The streets of Taiwan show a colorful mix of the old and the new. The people are on the move, whether on foot, bicycles, cars and buses and many varieties of scooters. For 23 million people, there are over 12 million motor scooters. Yet despite the noise of the vehicles, the streets seem calm, and the people seem contented as the go about their daily routines. There are very few Americans to be seen on the streets, but yet we felt welcomed by everyone we met.
Becky and I discovered that in Taiwan most of the children go to school starting very young in pre-school for a full day five days a week studying traditional Chinese and all the subjects that go with it. At the end of the school day, many of the children go to what we were told was a "cram" school. They had English crammed into their heads with after school and Saturday lessons. True, many American children attend extended day and extended week programs, but theirs are more intense and for a good reason. Students take a series of high-stake tests at the end of middle school or junior high. Students are tested in proficiency of both Chinese subjects AND of English. If they fail to score high enough, they are not admitted to high school. From my limited understanding, this seriously limits their job choices and income level from that time on. Wow! That places a new value on acquiring a good education.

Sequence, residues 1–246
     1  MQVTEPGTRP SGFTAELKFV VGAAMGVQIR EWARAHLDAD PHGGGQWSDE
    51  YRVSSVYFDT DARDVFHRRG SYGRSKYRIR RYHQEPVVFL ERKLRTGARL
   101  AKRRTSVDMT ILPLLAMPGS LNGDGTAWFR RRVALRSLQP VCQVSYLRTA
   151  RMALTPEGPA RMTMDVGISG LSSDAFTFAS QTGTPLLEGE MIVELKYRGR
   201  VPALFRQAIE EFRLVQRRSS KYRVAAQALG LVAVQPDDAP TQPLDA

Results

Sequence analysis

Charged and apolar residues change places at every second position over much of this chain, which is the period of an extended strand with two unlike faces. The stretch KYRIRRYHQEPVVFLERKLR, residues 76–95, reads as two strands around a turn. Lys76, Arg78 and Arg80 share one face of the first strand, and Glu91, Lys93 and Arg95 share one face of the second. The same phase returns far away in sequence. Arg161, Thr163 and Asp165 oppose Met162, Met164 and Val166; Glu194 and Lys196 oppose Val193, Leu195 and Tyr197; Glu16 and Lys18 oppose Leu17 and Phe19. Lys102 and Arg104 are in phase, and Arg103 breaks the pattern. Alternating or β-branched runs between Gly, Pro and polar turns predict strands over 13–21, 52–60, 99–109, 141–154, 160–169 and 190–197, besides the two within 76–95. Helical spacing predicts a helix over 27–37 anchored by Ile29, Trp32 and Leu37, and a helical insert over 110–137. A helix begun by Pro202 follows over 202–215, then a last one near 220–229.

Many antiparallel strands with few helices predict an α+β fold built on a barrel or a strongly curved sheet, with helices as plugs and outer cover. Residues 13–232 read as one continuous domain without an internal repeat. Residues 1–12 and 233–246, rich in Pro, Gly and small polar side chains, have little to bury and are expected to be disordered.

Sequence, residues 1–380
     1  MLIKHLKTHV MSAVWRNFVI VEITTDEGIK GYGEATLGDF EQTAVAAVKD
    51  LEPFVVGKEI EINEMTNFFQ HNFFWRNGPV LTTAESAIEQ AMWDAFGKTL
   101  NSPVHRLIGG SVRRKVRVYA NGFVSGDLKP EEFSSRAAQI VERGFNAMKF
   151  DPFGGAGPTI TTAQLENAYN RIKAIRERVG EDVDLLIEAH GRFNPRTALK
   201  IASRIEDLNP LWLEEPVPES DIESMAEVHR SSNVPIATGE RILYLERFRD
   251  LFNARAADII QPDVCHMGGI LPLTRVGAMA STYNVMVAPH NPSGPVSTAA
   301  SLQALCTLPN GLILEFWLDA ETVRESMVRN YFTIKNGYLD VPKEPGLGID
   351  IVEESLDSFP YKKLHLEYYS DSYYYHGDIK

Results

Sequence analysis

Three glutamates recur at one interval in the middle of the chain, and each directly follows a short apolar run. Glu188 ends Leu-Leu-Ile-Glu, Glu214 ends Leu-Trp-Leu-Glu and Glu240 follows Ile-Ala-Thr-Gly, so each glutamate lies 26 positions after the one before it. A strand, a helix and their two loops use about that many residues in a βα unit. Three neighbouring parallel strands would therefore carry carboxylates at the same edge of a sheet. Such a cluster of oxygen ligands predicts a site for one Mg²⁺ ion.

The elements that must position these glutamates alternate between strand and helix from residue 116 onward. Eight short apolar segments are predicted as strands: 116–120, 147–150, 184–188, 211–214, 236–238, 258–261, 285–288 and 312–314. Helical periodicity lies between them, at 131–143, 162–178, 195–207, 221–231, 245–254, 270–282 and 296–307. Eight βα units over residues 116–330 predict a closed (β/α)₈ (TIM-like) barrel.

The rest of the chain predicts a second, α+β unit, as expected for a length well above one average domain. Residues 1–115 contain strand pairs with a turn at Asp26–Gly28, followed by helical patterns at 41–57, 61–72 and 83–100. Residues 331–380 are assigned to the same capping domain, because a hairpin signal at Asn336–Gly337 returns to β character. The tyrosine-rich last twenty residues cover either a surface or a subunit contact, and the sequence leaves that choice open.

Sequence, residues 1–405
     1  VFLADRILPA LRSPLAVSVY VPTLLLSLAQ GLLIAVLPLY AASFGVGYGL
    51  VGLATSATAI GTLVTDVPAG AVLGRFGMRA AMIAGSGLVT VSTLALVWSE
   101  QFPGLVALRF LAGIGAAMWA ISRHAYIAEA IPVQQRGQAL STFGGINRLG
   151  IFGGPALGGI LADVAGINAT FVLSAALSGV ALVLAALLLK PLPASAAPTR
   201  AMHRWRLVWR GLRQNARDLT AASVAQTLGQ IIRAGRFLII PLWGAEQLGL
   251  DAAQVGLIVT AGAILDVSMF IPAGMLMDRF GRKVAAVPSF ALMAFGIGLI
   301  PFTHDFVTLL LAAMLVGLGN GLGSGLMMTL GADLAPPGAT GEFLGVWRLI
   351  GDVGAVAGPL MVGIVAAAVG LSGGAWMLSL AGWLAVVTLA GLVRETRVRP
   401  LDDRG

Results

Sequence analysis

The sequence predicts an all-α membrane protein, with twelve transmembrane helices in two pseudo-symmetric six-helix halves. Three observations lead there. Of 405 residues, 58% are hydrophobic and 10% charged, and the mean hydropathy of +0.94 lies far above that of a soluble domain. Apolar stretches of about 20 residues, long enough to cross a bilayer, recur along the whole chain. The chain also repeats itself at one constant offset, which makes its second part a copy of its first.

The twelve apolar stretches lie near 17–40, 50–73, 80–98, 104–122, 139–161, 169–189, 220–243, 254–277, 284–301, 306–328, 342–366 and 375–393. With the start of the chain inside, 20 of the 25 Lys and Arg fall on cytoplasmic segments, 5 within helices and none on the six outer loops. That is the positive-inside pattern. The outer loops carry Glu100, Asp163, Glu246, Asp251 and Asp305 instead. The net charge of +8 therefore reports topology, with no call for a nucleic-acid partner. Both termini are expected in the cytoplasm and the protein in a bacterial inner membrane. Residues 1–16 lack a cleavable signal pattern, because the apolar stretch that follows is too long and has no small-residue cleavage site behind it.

Further tests are given before students can get into the universities. Again, students are tested in traditional Chinese subjects and in English. This leaves little wonder why their test scores are rising and why Taiwan is becoming so competitive in the world market. It also explains why an American storyteller who wears a funny Panama Jack hat when telling tales was brought to Taiwan by East-West Book Company. Teachers have found in Taiwan what I have been professing in America during my entire educational career. Students who listen to good stories and who tell stories become better readers, listeners, and speakers of the language the stories are told in.